It's hard to remember sometimes when your social network feeds are full of people endlessly promoting themselves or their projects. But one of the things many people want to do on social networks is talk to the people they're connected to. And a new WhatsApp feature is designed to do just that.
If you're thinking "hang on, doesn't WhatsApp already have voice calls?" you're right, but this is a bit different and works differently too. The new feature, which is rolling out over the next few weeks, is available in large group chats. Where the existing group voice chat features are designed for up to 32 users, this new feature – initially at least - is for chats where there are 33 people or more. The current upper limit is 128 people.
What does the new WhatsApp voice chat feature for groups do?
The new feature doesn't ring you; instead, it sends you a notification when a voice chat has begun. If you want to join in then it's just a matter of tapping on the notification to be added to the voice session. A banner along the bottom of the screen will let you know when other people join.
If you're the one initiating the chat, it's just as simple. Open the group chat you want to get verbal with, tap the waveform icon in the top right corner of the screen, and then tap on Start Voice Chat.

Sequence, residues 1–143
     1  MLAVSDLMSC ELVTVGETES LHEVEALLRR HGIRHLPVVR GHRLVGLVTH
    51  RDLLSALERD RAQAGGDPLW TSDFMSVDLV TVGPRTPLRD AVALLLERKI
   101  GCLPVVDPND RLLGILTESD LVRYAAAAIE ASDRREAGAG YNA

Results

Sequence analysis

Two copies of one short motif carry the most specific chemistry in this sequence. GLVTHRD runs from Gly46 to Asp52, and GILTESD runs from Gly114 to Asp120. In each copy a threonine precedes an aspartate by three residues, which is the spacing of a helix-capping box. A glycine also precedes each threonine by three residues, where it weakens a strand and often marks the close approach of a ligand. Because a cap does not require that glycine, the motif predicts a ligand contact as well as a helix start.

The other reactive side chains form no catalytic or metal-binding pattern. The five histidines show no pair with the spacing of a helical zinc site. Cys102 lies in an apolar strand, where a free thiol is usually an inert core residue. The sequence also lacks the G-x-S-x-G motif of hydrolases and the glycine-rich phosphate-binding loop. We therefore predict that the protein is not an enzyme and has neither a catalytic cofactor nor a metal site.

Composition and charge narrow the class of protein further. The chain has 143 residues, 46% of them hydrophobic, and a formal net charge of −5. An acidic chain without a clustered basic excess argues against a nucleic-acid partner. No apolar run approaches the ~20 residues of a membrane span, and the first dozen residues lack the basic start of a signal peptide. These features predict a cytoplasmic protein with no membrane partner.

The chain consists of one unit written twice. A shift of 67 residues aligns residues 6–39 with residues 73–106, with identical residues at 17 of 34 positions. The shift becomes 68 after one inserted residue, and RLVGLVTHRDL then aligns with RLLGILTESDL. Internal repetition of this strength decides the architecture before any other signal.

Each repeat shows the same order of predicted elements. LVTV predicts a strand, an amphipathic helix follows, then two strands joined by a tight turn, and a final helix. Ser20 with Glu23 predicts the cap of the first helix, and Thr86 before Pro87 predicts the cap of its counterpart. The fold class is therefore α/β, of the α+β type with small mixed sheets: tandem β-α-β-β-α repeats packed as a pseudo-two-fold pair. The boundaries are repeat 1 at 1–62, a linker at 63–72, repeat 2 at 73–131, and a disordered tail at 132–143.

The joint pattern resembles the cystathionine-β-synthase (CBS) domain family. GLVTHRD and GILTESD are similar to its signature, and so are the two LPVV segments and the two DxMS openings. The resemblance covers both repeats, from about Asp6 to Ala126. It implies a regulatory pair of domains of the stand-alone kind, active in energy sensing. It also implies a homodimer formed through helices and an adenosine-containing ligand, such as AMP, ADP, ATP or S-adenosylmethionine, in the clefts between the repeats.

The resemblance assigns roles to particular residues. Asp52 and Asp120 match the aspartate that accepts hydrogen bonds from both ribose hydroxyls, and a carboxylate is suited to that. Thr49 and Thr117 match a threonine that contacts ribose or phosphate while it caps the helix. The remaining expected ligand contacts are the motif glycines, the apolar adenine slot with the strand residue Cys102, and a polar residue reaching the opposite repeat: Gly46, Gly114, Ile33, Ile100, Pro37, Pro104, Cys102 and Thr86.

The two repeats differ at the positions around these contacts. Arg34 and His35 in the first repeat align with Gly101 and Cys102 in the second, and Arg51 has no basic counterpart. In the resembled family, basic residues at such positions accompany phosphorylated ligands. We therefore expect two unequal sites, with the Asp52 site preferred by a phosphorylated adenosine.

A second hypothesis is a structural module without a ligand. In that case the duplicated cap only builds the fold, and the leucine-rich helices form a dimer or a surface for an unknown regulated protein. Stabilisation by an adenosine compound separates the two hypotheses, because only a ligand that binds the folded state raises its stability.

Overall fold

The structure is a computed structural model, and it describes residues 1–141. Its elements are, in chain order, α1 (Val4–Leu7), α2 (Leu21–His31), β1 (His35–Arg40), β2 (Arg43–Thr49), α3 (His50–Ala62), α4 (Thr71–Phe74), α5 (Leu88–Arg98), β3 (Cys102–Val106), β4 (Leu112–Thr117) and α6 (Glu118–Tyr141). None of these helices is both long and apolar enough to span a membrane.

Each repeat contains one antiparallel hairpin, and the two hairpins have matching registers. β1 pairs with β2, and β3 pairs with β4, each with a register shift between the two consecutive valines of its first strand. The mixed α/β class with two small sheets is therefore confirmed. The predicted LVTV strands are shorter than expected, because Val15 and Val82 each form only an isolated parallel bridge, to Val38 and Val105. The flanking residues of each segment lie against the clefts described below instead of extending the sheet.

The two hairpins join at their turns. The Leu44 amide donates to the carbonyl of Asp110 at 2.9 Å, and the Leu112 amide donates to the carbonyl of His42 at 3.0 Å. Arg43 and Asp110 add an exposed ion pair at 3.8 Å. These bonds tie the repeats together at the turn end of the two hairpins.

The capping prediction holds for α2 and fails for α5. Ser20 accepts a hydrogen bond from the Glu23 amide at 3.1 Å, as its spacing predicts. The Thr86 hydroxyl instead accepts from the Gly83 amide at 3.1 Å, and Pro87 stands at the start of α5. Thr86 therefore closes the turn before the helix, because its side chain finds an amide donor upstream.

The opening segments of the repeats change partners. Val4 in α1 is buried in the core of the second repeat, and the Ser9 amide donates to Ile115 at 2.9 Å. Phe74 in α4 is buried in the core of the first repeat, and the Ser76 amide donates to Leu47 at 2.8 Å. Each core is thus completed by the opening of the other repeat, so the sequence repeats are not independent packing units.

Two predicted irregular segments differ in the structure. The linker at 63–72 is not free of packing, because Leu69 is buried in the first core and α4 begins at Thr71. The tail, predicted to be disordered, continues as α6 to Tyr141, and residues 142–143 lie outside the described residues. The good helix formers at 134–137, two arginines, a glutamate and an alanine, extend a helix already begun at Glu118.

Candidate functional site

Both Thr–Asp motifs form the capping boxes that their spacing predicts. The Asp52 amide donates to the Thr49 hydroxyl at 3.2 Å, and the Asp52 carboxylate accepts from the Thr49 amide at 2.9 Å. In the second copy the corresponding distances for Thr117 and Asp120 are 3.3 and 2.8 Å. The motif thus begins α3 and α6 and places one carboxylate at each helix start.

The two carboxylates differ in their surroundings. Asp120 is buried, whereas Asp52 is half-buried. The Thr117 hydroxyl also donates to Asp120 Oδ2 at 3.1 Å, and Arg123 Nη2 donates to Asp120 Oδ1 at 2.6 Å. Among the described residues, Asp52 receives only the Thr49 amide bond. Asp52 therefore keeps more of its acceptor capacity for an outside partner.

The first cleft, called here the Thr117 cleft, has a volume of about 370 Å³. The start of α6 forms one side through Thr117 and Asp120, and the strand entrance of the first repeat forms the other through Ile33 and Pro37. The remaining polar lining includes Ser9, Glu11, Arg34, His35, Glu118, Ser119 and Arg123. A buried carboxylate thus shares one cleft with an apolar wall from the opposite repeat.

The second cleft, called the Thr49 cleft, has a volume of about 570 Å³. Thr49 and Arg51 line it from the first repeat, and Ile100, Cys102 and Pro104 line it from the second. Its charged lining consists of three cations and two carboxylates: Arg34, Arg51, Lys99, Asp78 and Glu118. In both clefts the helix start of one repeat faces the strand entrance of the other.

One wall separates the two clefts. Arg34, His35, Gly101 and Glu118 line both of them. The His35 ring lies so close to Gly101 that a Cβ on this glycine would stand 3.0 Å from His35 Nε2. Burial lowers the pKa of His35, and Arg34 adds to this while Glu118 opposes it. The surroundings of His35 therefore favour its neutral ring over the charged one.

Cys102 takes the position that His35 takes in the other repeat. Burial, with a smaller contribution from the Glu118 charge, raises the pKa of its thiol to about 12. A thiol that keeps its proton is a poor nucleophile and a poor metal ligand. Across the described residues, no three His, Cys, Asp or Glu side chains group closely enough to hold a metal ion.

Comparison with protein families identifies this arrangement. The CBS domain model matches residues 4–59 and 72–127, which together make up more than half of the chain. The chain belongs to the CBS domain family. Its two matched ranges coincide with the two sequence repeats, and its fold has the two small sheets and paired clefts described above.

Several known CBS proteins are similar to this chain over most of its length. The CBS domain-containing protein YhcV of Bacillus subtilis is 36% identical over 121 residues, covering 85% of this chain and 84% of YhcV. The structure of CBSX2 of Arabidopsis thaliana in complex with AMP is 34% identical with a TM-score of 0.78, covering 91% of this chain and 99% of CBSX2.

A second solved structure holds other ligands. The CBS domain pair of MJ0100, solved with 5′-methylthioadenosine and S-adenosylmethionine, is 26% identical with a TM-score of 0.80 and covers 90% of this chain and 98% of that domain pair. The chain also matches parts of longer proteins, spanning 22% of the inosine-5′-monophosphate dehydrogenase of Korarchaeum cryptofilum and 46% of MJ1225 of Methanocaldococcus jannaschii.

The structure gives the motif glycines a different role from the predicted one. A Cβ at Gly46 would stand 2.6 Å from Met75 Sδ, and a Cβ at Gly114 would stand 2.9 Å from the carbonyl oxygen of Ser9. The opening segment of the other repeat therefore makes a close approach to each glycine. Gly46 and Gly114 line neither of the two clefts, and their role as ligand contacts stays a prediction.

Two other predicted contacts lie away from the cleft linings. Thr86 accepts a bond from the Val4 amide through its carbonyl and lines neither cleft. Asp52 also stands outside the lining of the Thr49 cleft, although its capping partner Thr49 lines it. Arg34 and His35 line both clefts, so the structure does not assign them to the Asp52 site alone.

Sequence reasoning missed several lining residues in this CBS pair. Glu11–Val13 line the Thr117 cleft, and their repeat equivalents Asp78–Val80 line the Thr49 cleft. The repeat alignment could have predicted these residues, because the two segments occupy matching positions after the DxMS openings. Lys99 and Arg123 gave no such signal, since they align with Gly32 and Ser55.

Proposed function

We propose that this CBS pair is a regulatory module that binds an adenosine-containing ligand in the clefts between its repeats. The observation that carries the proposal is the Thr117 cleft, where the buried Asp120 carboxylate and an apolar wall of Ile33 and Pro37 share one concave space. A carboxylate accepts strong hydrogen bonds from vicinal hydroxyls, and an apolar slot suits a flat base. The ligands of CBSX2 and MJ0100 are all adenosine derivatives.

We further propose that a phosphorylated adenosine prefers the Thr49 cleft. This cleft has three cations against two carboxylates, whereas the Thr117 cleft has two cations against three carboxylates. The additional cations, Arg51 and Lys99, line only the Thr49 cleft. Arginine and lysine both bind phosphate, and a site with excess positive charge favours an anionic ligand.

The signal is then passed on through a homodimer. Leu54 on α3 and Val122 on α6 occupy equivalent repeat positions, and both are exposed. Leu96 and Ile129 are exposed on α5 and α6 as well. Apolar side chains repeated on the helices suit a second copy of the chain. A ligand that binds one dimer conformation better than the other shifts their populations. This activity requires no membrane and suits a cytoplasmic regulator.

Whether you're the creator or a participant, you can leave the chat by tapping on the big red X icon.
There are some limitations. In addition to the current group number limits – 33 to 128 people – the new group voice calling feature is only currently available in the iOS and Android apps, and only on your primary device.
It's interesting to compare WhatsApp with X/Twitter; while the latter's owner bloviates about making his social network the "everything app" for every single kinds of online activity, Meta appears to be getting on with the job of actually building it. If you look at the product announcements from just the last few months, WhatsApp has added video messages, a Mac desktop app, global channels, a whole bunch of business features including in-app payments, train seat selection, food ordering and appointment booking and much more. Mark Zuckerberg does seem to be putting his money where Elon Musk's mouth is.